VOD film review: Ghost Stories
James R | On 02, Sep 2018
Director: Jeremy Dyson, Andy Nyman
Cast: Andy Nyman, Martin Freeman, Paul Whitehouse
Jeremy Dyson and Andy Nyman bring their hit London stage play Ghost Stories to the big screen – and the result is a theatrical triumph, combining creepy surprises and quiet emotion to chilling, entertaining effect.
Nyman stars as Philip Goodman, a professor and TV presenter who specialises in debunking the supernatural. An adamant believer in logic and reason, he loves nothing more than to unmask frauds and expose hoaxes. Like all the best ghostbusters that aren’t involved in films featuring Bill Murray or Kate McKinnon, Philip’s desire to prove the paranormal false is driven by his own deep-seated issues and guilt, all of which comes to a head when he is challenged by a childhood idol of his (a fellow rationalist) to investigate three cases that stumped him – and, he is told, will leave him no choice but to believe in something beyond the pale. The fact that his childhood has long been missing, once presumed dead, only adds to the ominous atmosphere.
The result is a familiar but effective framework for an anthology of miniature horrors – and not unlike TV’s Inside No. 9, this trio of short films is precisely configured to jolt, unnerve and intrigue in equal measure.
They’re performed with gusto by a convincing cast. Alex Lawther (breakout star of The Imitation Game and future household name) is unnervingly shaken up as Simon, spooked by a nighttime drive through a forest – and quivers disturbingly at home where his parents are eerily detached. Martin Freeman, meanwhile, brings macho ruthlessness to the part of Mike, a retired stock broker whose home is invaded by a poignant poltergeist; he’s brusque, over-confident but determinedly stoic, his mannerisms hiding unspoken tensions in a mind buried by trauma.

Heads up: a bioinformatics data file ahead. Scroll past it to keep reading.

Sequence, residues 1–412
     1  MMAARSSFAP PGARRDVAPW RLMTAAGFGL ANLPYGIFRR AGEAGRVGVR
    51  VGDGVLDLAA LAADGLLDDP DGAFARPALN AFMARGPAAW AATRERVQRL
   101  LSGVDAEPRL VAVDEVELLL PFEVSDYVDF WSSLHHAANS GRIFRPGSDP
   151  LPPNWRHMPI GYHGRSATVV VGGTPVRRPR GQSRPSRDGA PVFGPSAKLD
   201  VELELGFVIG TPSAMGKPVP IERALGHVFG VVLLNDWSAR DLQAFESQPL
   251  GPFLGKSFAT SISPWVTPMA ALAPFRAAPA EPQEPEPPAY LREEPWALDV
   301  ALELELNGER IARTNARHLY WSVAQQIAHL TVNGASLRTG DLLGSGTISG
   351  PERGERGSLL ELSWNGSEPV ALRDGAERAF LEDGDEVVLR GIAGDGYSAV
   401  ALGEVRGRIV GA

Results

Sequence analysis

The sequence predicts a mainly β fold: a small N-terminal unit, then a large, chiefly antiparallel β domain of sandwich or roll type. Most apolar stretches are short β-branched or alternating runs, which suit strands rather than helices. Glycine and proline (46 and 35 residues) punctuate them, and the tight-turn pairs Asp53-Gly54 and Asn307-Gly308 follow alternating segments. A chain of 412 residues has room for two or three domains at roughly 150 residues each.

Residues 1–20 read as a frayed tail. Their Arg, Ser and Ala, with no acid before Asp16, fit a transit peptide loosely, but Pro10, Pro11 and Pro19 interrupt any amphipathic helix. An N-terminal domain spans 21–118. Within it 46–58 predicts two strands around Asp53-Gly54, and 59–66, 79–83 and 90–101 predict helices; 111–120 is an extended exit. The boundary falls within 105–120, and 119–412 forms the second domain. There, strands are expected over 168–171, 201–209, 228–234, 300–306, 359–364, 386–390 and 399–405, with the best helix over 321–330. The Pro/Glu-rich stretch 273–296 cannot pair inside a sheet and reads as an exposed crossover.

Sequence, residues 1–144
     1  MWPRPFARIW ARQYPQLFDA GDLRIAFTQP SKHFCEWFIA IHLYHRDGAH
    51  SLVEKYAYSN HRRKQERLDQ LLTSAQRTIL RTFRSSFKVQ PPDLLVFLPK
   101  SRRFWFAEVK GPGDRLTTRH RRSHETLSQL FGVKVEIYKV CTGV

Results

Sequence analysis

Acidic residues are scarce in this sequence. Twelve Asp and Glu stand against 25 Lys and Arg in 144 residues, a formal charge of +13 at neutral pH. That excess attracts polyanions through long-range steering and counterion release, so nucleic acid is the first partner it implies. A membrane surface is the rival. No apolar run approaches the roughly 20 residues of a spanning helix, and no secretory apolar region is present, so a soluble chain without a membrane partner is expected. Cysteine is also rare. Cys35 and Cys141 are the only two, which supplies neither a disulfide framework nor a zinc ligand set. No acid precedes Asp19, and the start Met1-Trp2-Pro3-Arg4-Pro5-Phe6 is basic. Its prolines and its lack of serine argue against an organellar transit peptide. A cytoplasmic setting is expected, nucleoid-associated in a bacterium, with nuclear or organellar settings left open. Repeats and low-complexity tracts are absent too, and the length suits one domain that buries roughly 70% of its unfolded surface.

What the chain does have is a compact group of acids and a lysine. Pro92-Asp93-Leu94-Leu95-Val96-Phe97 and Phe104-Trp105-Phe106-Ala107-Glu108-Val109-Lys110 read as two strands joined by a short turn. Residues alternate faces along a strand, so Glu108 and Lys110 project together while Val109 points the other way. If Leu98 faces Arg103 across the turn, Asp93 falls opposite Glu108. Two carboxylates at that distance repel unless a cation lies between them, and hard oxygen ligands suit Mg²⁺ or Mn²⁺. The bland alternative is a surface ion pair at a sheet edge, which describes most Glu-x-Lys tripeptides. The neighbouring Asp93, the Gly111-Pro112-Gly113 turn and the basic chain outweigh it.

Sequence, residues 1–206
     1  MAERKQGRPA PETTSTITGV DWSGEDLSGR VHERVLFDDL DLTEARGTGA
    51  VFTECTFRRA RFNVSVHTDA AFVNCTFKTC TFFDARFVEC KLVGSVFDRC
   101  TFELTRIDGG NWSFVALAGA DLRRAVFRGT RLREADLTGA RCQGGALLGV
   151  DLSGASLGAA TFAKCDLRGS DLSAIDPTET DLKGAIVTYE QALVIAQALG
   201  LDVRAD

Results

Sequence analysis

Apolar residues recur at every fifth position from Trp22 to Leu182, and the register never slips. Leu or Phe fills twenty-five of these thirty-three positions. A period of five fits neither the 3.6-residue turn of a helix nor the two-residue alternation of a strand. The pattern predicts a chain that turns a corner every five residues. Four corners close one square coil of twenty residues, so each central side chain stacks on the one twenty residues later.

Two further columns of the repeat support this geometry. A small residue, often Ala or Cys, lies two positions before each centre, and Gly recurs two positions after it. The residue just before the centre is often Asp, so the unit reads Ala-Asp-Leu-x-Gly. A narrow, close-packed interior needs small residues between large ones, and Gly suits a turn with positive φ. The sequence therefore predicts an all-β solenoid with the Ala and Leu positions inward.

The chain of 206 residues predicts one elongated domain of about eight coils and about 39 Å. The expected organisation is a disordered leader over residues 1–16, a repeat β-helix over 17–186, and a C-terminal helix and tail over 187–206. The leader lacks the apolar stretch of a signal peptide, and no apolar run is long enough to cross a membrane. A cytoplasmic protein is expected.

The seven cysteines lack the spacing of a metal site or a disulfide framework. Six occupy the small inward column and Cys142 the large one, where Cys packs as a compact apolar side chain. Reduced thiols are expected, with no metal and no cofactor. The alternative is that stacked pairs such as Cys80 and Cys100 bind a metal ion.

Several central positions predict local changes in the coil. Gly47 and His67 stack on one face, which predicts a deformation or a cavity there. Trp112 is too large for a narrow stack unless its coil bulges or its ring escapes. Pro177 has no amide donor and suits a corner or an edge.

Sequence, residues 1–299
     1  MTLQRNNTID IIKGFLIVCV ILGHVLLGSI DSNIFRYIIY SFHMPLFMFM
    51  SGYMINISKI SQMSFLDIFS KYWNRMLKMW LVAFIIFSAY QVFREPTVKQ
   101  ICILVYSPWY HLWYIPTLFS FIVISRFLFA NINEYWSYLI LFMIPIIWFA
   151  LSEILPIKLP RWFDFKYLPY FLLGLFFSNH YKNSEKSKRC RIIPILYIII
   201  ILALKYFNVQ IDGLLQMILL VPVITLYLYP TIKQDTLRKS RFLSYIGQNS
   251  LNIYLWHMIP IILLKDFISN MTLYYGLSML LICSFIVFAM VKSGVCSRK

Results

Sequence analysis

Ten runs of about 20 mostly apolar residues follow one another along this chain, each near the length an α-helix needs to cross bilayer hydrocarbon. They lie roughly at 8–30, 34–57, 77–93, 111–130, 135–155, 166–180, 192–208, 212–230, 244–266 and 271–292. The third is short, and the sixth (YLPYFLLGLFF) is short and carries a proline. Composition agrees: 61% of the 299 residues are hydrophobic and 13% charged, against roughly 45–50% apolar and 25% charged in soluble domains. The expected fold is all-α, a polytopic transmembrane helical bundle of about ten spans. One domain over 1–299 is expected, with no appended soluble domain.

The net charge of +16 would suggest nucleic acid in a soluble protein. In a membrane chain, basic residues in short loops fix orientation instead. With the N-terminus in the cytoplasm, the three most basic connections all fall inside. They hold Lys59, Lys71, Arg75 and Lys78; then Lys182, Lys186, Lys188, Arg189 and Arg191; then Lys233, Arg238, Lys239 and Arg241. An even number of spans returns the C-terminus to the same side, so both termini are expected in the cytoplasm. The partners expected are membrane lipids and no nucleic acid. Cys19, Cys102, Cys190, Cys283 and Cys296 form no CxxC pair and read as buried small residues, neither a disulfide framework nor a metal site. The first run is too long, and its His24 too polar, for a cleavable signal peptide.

The standout, though, is security guard Tony, played by Paul Whitehouse with a weary realism that reminds you just how much of a national treasure the veteran of The Fast Show is. Tasked with patrolling a warehouse, the haunted house sequence is as conventional as the film gets, but it’s recounted by Tony in a creepily quiet pub – a scene washed in faded daylight that conjures an unsettling mood all of its own.
Each flashback carries a cumulative weight, from the thrill of a monstrous creature feature to a bedroom pregnant with portent, and the gathering darkness goes hand in hand with heightened emotions. Nyman’s protagonist is deliciously bitter enough to tie them all together, and his and Dyson’s pacing is carefully judged, driving up suspense to reach a conclusion that’s packed with pathos and wit.
With everything rooted in old-school practical effects, the imaginative production rips the scenery out from under your feet time and time again, creating something that’s enjoyably nostalgic but thrillingly innovative – and never once feels staged. A terrific treat in every sense of the word.